Beginnings of the Christian Church



When Jesus was so suddenly seized by his enemies and so quickly crucified between two thieves, his apostles and disciples were completely demoralized. The thought of the Master, arrested, bound, scourged, and crucified, was too much for even the apostles. They forgot his teachings and his warnings. He might, indeed, have been “a prophet mighty in deed and word before God and all the people,” but he could hardly be the Messiah they had hoped would restore the kingdom of Israel.

Then comes the resurrection, with its deliverance from despair and the return of their faith in the Master’s divinity. Again and again they see him and talk with him, and he takes them out on Olivet, where he bids them farewell and tells them he is going back to the Father. He has told them to tarry in Jerusalem until they are endowed with power — until the Spirit of Truth shall come. And on the day of Pentecost this new teacher comes, and they go out at once to preach their gospel with new power. They are the bold and courageous followers of a living Lord, not a dead and defeated leader. The Master lives in the hearts of these evangelists; God is not a doctrine in their minds; he has become a living presence in their souls.

“Day by day they continued steadfastly and with one accord in the temple and breaking bread at home. They took their food with gladness and singleness of heart, praising God and having favor with all the people. They were all filled with the spirit, and they spoke the word of God with boldness. And the multitudes of those who believed were of one heart and soul; and not one of them said that aught of the things which he possessed was his own, and they had all things in common.”



What has happened to these men whom Jesus had ordained to go forth preaching the gospel of the kingdom, the fatherhood of God and the brotherhood of man? They have a new gospel; they are on fire with a new experience; they are filled with a new spiritual energy. Their message has suddenly shifted to the proclamation of the risen Christ: “Jesus of Nazareth, a man God approved by mighty works and wonders; him, being delivered up by the determinate counsel and foreknowledge of God, you did crucify and slay. The things which God foreshadowed by the mouth of all the prophets, he thus fulfilled. This Jesus did God raise up. God has made him both Lord and Christ. Being, by the right hand of God, exalted and having received from the Father the promise of the spirit, he has poured forth this which you see and hear. Repent, that your sins may be blotted out; that the Father may send the Christ, who has been appointed for you, even Jesus, whom the heaven must receive until the times of the restoration of all things.”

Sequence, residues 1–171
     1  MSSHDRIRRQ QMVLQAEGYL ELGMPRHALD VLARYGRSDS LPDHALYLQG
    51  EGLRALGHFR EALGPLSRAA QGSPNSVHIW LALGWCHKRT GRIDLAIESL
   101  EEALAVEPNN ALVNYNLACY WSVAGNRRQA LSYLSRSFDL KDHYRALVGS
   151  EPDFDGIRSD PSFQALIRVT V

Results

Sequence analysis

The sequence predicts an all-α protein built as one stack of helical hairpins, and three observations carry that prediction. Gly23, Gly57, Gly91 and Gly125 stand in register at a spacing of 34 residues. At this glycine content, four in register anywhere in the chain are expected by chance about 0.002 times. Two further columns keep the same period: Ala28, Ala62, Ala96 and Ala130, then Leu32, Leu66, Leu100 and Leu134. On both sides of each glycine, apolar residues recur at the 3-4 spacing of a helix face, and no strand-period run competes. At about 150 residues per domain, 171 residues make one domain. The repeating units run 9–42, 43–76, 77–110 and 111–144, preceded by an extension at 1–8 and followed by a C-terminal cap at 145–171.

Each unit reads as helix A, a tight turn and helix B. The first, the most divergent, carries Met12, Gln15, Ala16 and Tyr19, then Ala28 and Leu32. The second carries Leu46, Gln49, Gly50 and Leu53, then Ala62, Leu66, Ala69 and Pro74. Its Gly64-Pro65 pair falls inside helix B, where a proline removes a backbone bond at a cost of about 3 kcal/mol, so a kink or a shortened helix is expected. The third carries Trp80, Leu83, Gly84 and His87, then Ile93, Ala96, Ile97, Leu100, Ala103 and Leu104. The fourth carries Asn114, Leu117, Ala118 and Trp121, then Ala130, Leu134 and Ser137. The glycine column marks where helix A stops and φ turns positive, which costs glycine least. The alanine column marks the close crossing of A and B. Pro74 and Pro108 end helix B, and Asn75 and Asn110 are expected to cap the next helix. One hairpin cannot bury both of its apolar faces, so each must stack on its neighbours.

The gospel of the kingdom, the message of Jesus, had been suddenly changed into the gospel of the Lord Jesus Christ. They now proclaimed the facts of his life, death, and resurrection and preached the hope of his speedy return to this world to finish the work he began. Thus the message of the early believers had to do with preaching about the facts of his first coming and with teaching the hope of his second coming, an event which they deemed to be very near at hand.

Christ was about to become the creed of the rapidly forming church. Jesus lives; he died for men; he gave the spirit; he is coming again. Jesus filled all their thoughts and determined all their new concept of God and everything else. They were too much enthused over the new doctrine that “God is the Father of the Lord Jesus” to be concerned with the old message that “God is the loving Father of all men,” even of every single individual. True, a marvelous manifestation of brotherly love and unexampled good will did spring up in these early communities of believers. But it was a fellowship of believers in Jesus, not a fellowship of brothers in the family kingdom of the Father in heaven. Their good will arose from the love born of the concept of Jesus’ bestowal and not from the recognition of the brotherhood of mortal man. Nevertheless, they were filled with joy, and they lived such new and unique lives that all men were attracted to their teachings about Jesus. They made the great mistake of using the living and illustrative commentary on the gospel of the kingdom for that gospel, but even that represented the greatest religion mankind had ever known.